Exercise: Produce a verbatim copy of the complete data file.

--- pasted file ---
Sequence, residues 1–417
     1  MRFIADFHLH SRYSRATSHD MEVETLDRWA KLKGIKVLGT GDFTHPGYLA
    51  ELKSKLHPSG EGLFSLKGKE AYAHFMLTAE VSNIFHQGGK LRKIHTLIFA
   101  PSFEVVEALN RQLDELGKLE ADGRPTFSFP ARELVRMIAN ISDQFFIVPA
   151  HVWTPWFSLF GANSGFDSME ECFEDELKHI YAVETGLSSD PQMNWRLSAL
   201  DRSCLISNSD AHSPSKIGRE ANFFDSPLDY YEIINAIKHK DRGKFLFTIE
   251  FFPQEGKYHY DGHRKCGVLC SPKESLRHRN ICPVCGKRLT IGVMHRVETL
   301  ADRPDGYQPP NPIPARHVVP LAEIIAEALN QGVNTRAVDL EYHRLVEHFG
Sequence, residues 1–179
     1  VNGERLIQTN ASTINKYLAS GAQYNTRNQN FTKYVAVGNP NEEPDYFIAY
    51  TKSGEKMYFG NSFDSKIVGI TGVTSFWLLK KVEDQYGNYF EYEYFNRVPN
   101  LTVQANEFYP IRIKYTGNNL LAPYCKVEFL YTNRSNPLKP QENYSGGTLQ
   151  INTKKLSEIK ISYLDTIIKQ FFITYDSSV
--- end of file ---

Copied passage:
Sequence, residues 1–417
     1  MRFIADFHLH SRYSRATSHD MEVETLDRWA KLKGIKVLGT GDFTHPGYLA
    51  ELKSKLHPSG EGLFSLKGKE AYAHFMLTAE VSNIFHQGGK LRKIHTLIFA
   101  PSFEVVEALN RQLDELGKLE ADGRPTFSFP ARELVRMIAN ISDQFFIVPA
   151  HVWTPWFSLF GANSGFDSME ECFEDELKHI YAVETGLSSD PQMNWRLSAL
   201  DRSCLISNSD AHSPSKIGRE ANFFDSPLDY YEIINAIKHK DRGKFLFTIE
   251  FFPQEGKYHY DGHRKCGVLC SPKESLRHRN ICPVCGKRLT IGVMHRVETL
   301  ADRPDGYQPP NPIPARHVVP LAEIIAEALN QGVNTRAVDL EYHRLVEHFG
Sequence, residues 1–179
     1  VNGERLIQTN ASTINKYLAS GAQYNTRNQN FTKYVAVGNP NEEPDYFIAY
    51  TKSGEKMYFG NSFDSKIVGI TGVTSFWLLK KVEDQYGNYF EYEYFNRVPN
   101  LTVQANEFYP IRIKYTGNNL LAPYCKVEFL YTNRSNPLKP QENYSGGTLQ
   151  INTKKLSEIK ISYLDTIIKQ FFITYDSSV